PBMCs from healthy donors were purified using lymphocyte separation medium (Beijing Solarbio Science & Technology Co., Ltd., Beijing, China) by density gradient centrifugation at 1,360 × g for 20 min in room temperature. CD3+ T cells in PBMCs were enriched using the EasySep™ Human T Cell Isolation kit (Stemcell Technologies, Inc., Vancouver, BC, Canada), activated using Dynabeads® Human T-Expander CD3/CD28 (Thermo Fisher Scientific, Inc.) and expanded in OpTmizer™ T-Cell Expansion medium (Thermo Fisher Scientific, Inc.), containing interleukin (IL)-2 (300 U/ml; Sigma-Aldrich; Merck KGaA, Darmstadt, Germany). Lentivirus infection efficiency of the CAR-T cells was evaluated by fluorescence-activated cell sorting (FACS) analysis on day 10 prior to the first treatment.
Flow cytometry analysis
Live cells were incubated with mAb-3H11 (made in our laboratory by affinity-purification from mouse ascites using sepharose protein A; 1 µg/µl; 1:100 dilution) or an anti-Myc (1:100 dilution; cat. no. ab32; Abcam, Cambridge, UK) antibody at 37°C for 20 min, prior to being incubated with fluorescein isothiocyanate (FITC)-labeled goat anti-mouse secondary antibodies (cat no. 115-095-003; 1:100 dilution; Jackson ImmunoResearch Laboratories, Inc., West Grove, PA, USA) at 37°C for 20 min, followed by analysis on a BD Accuri C6 Cytometer using C6 software (version 1.0.264.21; BD Biosciences, Franklin Lakes, NJ, USA).
Cytotoxicity assays and cytokine secretion assays
BGC-823 and NCI-N87 cells were mixed directly with lentivirus-containing luciferase reporter for 48 h (Shanghai GeneChem Co., Ltd., Shanghai, China) and then screened by G418 for ~2 weeks to establish stable firefly luciferase-expressing cancer cells in order to detect cytotoxicity. Firefly luciferase activity in the cells (representing the live cell numbers) were measured using a Luciferase Reporter assay (Promega Corporation, Madison, WI, USA) according to the manufacturer's protocol. Mock T cells were used as the control group to normalize luciferase data for CAR-T cells, and cell lysis was calculated using the following formula: Cell lysis (%) = (1-luciferase experiment/luciferase control) ×100. The specific in vitro antitumor activity of CAR-T cells was performed. Briefly, different types of target cells (with luciferase reporter gene) were seeded onto triplicate 96-well plates, at a density of 103 cells/well, with 50 µl RPMI-1640 (Gibco; Thermo Fisher Scientific, Inc.). Subsequently, an equal volume of effector cells or control medium was added to each well to ensure an effector-target ratio (E/T ratio) of 25:1, 12.5:1, 6.2:1, 3.1:1, 1.6:1, or 0.8:1. Following an 8-h incubation, cell supernatants were obtained by centrifugation at 800 × g for 10 min at room temperature and collected for cytokine measurements of IL-2 and interferon (IFN)-γ concentrations using an ELISA kit (BioLegend, Inc., San Diego, CA, USA), according to the manufacturer's protocols.
Xenograft mouse model of GC
Ten NOD/SCID mice (male; 7 weeks old; 18–20 g) were purchased from Vital River Laboratories Co., Ltd. and were housed in a pathogen-free animal housing facility at Beijing University Cancer Hospital and Institute at 23±3°C, a relative humidity of ~50%, 12 h light/dark cycle and a standard sterilized rodent diet from Vital River Laboratories Co., Ltd (Bejing, China) and sterilized water ad libitum. The animal experiments were approved by the Animal Ethics Committee of Peking University Cancer Hospital and Institute. A total of 100 µl 1×106 3H11-antigen-positive MGC-803 cells, were injected subcutaneously into NOD/SCID mice on day 0. Tumor-bearing mice were randomly assigned to the CAR-T cell and control T cell groups prior to treatment, with five mice in each group. The tumor volume (TV) of each mouse was measured twice weekly using a vernier caliper and was calculated according to the following formula: TV = 1/2 × length × width2. On day 14, when the mean TV reached ~100 mm3, 200 µl 2×107 CAR-T cells or control T cells, were infused into the tumors of the mice twice weekly by multipoint injection.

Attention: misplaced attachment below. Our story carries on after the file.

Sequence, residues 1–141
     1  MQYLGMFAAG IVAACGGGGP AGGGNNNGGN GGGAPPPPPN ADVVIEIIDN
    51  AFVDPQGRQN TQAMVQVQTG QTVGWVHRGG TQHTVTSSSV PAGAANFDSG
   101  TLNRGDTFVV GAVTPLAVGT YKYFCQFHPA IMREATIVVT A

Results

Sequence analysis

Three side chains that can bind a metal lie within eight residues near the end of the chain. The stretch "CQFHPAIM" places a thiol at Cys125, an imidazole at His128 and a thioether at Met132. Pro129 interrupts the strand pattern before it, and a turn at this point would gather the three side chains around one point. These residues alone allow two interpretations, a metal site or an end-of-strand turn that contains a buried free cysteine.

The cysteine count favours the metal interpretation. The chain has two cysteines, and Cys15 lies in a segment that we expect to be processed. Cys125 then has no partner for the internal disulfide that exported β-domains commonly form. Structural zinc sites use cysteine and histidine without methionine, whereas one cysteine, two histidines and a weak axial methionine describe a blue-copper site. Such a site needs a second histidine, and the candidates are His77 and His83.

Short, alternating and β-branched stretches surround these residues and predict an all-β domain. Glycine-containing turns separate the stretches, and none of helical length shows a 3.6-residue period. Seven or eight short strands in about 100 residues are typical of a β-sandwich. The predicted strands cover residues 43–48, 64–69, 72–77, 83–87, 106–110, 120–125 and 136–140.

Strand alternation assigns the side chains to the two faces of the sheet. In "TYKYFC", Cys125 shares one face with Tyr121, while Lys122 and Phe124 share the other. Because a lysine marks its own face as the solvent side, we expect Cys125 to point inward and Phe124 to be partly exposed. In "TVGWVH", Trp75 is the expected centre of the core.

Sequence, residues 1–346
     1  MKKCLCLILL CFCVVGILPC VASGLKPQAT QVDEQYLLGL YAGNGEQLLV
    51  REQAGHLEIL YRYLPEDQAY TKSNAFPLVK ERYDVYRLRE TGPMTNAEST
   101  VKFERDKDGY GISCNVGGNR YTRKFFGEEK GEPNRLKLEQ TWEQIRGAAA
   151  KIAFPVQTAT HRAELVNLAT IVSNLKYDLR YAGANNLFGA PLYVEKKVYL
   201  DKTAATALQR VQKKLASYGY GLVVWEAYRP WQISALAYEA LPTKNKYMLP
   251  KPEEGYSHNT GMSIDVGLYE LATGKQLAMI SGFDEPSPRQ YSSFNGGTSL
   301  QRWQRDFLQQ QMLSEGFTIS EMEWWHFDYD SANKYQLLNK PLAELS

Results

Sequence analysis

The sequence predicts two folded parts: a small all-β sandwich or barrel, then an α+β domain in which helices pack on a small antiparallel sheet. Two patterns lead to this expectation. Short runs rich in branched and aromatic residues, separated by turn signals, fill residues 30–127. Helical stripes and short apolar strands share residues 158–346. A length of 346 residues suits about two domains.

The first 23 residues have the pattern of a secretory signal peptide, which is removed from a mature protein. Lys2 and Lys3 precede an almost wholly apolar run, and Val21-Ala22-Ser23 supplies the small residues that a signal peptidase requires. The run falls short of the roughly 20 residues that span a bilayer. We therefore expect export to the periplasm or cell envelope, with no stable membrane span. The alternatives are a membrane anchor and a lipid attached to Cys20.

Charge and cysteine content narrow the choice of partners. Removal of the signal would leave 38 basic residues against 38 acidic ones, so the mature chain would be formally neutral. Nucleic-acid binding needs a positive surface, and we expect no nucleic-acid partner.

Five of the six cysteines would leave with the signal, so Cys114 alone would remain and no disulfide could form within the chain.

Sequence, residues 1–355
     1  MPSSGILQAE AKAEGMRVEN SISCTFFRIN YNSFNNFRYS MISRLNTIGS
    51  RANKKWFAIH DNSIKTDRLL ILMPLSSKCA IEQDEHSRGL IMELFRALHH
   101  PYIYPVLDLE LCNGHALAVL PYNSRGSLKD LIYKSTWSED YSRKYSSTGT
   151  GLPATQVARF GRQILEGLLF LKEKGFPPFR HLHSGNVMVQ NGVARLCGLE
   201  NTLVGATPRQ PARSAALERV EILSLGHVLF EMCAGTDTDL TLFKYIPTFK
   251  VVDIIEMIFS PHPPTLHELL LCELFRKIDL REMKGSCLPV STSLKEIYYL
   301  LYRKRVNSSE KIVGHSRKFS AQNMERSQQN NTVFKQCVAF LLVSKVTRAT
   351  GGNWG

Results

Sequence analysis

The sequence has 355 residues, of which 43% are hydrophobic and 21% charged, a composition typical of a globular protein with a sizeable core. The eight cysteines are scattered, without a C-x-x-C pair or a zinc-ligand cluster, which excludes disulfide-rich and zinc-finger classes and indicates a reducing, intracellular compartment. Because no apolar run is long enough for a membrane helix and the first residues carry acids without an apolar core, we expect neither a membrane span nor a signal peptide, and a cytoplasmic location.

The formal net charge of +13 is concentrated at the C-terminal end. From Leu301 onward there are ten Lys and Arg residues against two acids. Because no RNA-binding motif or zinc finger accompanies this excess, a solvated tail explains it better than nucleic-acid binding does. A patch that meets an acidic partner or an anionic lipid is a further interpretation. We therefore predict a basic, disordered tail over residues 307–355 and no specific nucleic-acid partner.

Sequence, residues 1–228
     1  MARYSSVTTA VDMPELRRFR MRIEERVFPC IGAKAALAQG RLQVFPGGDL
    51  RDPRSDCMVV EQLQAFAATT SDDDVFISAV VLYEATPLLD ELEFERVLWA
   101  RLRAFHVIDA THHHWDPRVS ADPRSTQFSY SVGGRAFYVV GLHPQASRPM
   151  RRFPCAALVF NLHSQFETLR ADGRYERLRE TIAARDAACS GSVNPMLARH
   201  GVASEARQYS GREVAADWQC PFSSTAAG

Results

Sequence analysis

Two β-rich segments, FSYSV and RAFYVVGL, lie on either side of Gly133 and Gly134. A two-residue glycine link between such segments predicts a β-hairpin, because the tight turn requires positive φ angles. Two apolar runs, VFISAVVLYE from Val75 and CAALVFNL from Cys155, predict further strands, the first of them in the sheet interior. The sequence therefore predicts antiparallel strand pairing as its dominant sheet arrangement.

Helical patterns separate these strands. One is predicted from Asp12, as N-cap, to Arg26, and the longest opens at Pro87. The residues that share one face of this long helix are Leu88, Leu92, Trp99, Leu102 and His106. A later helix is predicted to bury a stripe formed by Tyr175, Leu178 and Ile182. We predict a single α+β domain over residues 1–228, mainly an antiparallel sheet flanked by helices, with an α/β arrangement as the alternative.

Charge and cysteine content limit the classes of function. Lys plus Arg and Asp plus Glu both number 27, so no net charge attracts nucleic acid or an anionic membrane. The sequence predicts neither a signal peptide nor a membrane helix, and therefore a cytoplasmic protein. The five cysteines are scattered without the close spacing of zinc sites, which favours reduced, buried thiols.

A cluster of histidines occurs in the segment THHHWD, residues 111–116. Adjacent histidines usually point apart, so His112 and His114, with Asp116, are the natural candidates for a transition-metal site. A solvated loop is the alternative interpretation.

Humane endpoints were used in accordance with Peiking University Cancer Hospital and Institute standard operating protocols. Tumor tissue samples from sacrificed mice on the 35th day, according to the humane endpoints of diameter of the tumor mass (i.e., greater than 1.5 cm diameter in mice) were fixed in 10% formaldehyde solution for 24 h, dehydrated in ethyl alcohol, and embedded in paraffin, prior to being cut into 6 µm thick sections using a microtome. Immunohistochemical (IHC) staining was performed according to standard procedures. Briefly, slides were immersed in xylene to remove paraffin, washed in a graded series of ethanol, immersed in citrate buffer at pH 6.0 and then incubated in a high-pressure sterilization oven for antigen retrieval at 100°C for 3 min. Endogenous peroxidase activity was blocked in a blocking solution with 3% H2O2 in PBS for 10 min at room temperature, and then the slides were incubated with PBS containing 1% bovine serum albumin (Amresco, Solon, OH, USA) for 10 min at room temperature to block non-specific binding. The tissue sections were incubated at room temperature for 1 h with a primary rabbit anti-human CD3 antibody (1:200; cat. no. ab5690; Abcam), followed by incubation with horseradish peroxidase-conjugated goat anti-mouse IgG (1:500; cat no. A4416; Sigma-Aldrich; Merck KGaA) for 1 h at room temperature. Then, the slides were visualized with 0.1% 3,3-diaminobenzidine (Sigma-Aldrich; Merck KGaA) for 2 min, and counterstained with one drop of 1% hematoxylin for 10 min at room temperature.